Affording $AA

As students and new professionals, we are among the hardest hit by the expenses associated with attending the SAA Annual Meeting in Washington DC. Some of us are lucky enough to get some organizational support while others of us are left to fend completely for ourselves. The question dealing with why it is so expensive and how we might be able to change that is the topic of a great discussion at Beaver Archivist and two posts at ArchivesNext (here and here). I am working on a post on this topic as well, but for now I thought I would share some tips that may help participants afford the conference. I know this is kind of late but hopefully it can help those that are still finalizing their plans.

The Hotel is the biggest expense of the conference. While the rate of $185 for participants at the conference hotel is a substantial discount from their normal rate of well over $300, in my book it still qualifies as friggin’ expensive and out of the question for many of us. Using Crash Space for Archivists or finding someone to share hotel space with is a great option (sorry for the shameless plug). For others finding much cheaper lodging is both the obvious choice and the clear challenge.

Using sites like Hotwire and Priceline provides a chance to save some serious dough.  I used Hotwire for the Midwest Archives Conference and stayed at a hotel for under $90 that was much nicer than the conference hotel, which had a similar rate to SAA’s. If you have never used these sites before, the drawback is that you have to pay your non-refundable rate before you know what hotel you are booking. You choose your hotels using areas of the city and level of hotel (two star, three star, etc.). For Chicago the areas are pretty compact but for DC they are pretty big and odd shaped, especially for the one the conference is located.

There are sites that use the information about each hotel to help you guess which one it might be. For my Chicago trip I used BetterBidding.com and it was right on. Also, if you do end up away from the conference hotel DC does have a great subway system.

Airfare is another expensive piece of the puzzle. Luckily DC has some airport choices. Generally speaking it is cheaper to fly into Baltimore (BWI) than DC. For my flight (from Detroit) a ticket to Baltimore is about 1/3 cheaper than one to either DC airport. BWI also has some good (and cheap) transportation options to DC. I know I plan on taking advantage of this, as well as use it as an opportunity to get some soft-shell crab. Mmmmmm, friend whole crustaceans…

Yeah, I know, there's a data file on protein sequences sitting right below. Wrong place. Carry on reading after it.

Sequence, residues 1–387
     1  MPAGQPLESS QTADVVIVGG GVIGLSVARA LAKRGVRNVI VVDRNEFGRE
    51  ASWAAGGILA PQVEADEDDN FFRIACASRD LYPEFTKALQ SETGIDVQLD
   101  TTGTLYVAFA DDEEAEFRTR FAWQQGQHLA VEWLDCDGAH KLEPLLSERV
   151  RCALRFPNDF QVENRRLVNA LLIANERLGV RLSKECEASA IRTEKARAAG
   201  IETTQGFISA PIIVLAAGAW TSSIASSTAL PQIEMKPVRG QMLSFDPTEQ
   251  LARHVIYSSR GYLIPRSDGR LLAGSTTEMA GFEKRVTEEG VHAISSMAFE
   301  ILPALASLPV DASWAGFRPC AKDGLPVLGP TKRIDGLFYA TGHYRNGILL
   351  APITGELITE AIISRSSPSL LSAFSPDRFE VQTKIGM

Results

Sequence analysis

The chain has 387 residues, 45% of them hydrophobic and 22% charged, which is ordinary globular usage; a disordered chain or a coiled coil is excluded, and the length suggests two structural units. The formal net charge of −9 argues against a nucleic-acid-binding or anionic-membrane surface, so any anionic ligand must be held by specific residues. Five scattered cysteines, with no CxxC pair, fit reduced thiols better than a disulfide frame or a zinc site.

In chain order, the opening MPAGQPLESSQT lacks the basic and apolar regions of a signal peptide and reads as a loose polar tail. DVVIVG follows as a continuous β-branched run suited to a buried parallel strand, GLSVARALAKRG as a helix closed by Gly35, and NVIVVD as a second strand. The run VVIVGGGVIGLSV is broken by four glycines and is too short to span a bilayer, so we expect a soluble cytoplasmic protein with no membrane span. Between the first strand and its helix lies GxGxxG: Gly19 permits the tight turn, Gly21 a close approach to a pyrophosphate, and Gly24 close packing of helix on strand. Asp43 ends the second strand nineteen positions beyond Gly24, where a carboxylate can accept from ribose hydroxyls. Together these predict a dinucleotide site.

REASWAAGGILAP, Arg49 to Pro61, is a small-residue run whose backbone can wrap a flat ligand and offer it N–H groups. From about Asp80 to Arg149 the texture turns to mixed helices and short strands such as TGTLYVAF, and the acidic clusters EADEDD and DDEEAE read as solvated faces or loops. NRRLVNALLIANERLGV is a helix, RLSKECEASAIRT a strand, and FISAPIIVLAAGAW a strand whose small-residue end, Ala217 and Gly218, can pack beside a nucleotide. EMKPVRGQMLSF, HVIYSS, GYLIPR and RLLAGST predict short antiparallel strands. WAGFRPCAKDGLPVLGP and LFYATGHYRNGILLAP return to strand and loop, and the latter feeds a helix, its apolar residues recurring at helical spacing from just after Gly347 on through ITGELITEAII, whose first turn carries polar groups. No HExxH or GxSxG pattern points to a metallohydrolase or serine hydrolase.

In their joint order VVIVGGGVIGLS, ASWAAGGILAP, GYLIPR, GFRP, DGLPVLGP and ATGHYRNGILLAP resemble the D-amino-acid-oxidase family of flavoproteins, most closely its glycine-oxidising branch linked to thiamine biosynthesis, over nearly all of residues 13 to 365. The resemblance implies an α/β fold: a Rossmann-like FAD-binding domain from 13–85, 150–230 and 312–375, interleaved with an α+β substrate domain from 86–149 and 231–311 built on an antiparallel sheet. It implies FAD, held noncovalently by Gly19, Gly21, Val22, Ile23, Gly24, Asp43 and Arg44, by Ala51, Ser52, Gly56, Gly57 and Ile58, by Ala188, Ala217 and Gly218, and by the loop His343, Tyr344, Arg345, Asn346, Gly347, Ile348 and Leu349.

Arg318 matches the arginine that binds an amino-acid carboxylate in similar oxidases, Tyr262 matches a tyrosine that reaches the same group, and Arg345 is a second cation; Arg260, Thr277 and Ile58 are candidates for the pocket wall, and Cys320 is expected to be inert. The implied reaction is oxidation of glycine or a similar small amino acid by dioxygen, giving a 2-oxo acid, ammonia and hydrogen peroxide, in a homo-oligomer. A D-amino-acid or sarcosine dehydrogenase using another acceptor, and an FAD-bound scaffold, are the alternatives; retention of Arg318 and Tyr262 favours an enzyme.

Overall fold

The League of Broke Archivists I have already mentioned that I will have a post later dealing with how SAA may make the conference more affordable. If you have thoughts on that I highly encourage you to go to the links provided in the first paragraph. However, while reading Kate’s first post on this topic and the comments I thought that it might be a good idea to organize a group of people that can band together independent of SAA and create a pool of rooms at a more affordable hotel. I know this idea is too late for this year but I think it might work for the years to come. Do you think people would be interested in partaking in something like this? As you can see, I already have a sweet name for it.

Please leave any other tips you may have for ways to make the conference more affordable, especially if you are from the DC area and have any ideas on where a person may get some affordable eats and drinks. Hopefully in the future we will have more legitimate options allowing more and more of us to attend the conference, and posts like this will not be needed.

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10 Comments

Filed under By-Lance

10 responses to “Affording $AA

  1. Christie

    There is no shame in brown-bagging. On your first day in town, stop by a grocery store and do some shopping. If you have several friends doing this, one can request a refrigerator in his/her room and everyone chip in for the cost. Have breakfast in your room (if the hotel doesn’t provide it) and pack sandwiches, etc. for lunch and snacks at the conference hotel. Can definitely be done for less than eating out, even cheaply, will cost you. Depending on how long your stay is, the savings can really add up. Plus you get the benefit of eating food you like. (oh, and PS … the fridge can also be used to chill beer/alcohol; why go to a bar when you can party with your friends like teenagers on prom night?!)

    • Susan

      Some nicer supermarkets have salad bars and small panini style sandwiches you can order to go. It winds up being cheaper than paying for similar food in a restaurant.

  2. DC is a great town and there heaps of ways to get around the expensive aspect of it. I lived there for 5 months as an archival intern (on a salary of $22,000/year pro rata; not really enough to rent a cupboard) and had several tricks up my sleeve. I got amazingly lucky and was able to live rent-free with a family in Forest Glen in exchange for childcare and it made my time there all the better.